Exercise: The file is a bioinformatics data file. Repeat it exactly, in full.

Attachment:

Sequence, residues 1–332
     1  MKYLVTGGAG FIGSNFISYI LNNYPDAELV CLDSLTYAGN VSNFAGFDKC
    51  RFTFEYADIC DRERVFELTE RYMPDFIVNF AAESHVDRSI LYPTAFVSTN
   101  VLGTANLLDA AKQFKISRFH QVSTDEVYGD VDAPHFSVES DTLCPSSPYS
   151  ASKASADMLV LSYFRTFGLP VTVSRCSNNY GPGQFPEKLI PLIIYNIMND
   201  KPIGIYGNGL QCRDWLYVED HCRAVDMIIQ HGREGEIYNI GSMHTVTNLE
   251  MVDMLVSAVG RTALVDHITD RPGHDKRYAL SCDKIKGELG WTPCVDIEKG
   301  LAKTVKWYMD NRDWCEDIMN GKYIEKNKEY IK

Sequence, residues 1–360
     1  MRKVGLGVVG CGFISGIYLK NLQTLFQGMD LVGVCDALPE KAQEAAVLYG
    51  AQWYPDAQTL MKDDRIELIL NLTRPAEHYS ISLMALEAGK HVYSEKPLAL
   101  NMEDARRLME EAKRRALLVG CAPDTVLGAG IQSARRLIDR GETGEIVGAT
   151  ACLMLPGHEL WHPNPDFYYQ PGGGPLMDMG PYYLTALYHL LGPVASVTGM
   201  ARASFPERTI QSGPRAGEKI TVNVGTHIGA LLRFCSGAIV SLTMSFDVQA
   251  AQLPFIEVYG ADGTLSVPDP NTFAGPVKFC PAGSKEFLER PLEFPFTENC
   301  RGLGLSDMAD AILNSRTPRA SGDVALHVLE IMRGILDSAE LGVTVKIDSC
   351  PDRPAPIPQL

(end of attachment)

Sequence, residues 1–332
     1  MKYLVTGGAG FIGSNFISYI LNNYPDAELV CLDSLTYAGN VSNFAGFDKC
    51  RFTFEYADIC DRERVFELTE RYMPDFIVNF AAESHVDRSI LYPTAFVSTN
   101  VLGTANLLDA AKQFKISRFH QVSTDEVYGD VDAPHFSVES DTLCPSSPYS
   151  ASKASADMLV LSYFRTFGLP VTVSRCSNNY GPGQFPEKLI PLIIYNIMND
   201  KPIGIYGNGL QCRDWLYVED HCRAVDMIIQ HGREGEIYNI GSMHTVTNLE
   251  MVDMLVSAVG RTALVDHITD RPGHDKRYAL SCDKIKGELG WTPCVDIEKG
   301  LAKTVKWYMD NRDWCEDIMN GKYIEKNKEY IK

Sequence, residues 1–360
     1  MRKVGLGVVG CGFISGIYLK NLQTLFQGMD LVGVCDALPE KAQEAAVLYG
    51  AQWYPDAQTL MKDDRIELIL NLTRPAEHYS ISLMALEAGK HVYSEKPLAL
   101  NMEDARRLME EAKRRALLVG CAPDTVLGAG IQSARRLIDR GETGEIVGAT
   151  ACLMLPGHEL WHPNPDFYYQ PGGGPLMDMG PYYLTALYHL LGPVASVTGM
   201  ARASFPERTI QSGPRAGEKI TVNVGTHIGA LLRFCSGAIV SLTMSFDVQA
   251  AQLPFIEVYG ADGTLSVPDP NTFAGPVKFC PAGSKEFLER PLEFPFTENC
   301  RGLGLSDMAD AILNSRTPRA SGDVALHVLE IMRGILDSAE LGVTVKIDSC
   351  PDRPAPIPQL